Some wikis keep a record of changes made to wiki pages; often, every version of the page is stored. This means that authors can revert to an older version of the page, should it be necessary because a mistake has been made or the page has been vandalized. Many implementations, like MediaWiki, allow users to supply an edit summary when they edit a page; this is a short piece of text summarising the changes. It is not inserted into the article, but is stored along with that revision of the page, allowing users to explain what has been done and why; this is similar to a log message when making changes to a revision-control system.
Within the text of most pages there are usually a large number of hypertext links to other pages. This form of non-linear navigation is more "native" to wiki than structured/formalized navigation schemes. That said, users can also create any number of index or table-of-contents pages, with hierarchical categorization or whatever form of organization they like. These may be challenging to maintain by hand, as multiple authors create and delete pages in an ad hoc manner. Wikis can provide one or more ways to categorize or tag pages to support the maintenance of such index pages.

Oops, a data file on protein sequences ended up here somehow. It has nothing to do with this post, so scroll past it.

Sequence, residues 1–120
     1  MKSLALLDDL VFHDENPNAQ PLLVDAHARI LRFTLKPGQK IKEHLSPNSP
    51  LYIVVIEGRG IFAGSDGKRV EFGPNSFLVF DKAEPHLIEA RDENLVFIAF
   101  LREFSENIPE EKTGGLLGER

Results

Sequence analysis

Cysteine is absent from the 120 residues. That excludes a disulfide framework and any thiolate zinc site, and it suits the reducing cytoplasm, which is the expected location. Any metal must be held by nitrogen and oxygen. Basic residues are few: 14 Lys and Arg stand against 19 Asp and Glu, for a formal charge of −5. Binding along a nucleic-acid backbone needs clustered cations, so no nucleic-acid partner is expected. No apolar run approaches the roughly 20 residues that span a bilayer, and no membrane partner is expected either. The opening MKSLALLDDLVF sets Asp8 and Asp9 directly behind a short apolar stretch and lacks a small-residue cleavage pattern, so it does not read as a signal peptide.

Some wikis have a backlink feature, which displays all pages that link to a given page. It is typical in a wiki to create links to pages that do not yet exist, as a way to invite others to share what they know about a subject new to the wiki.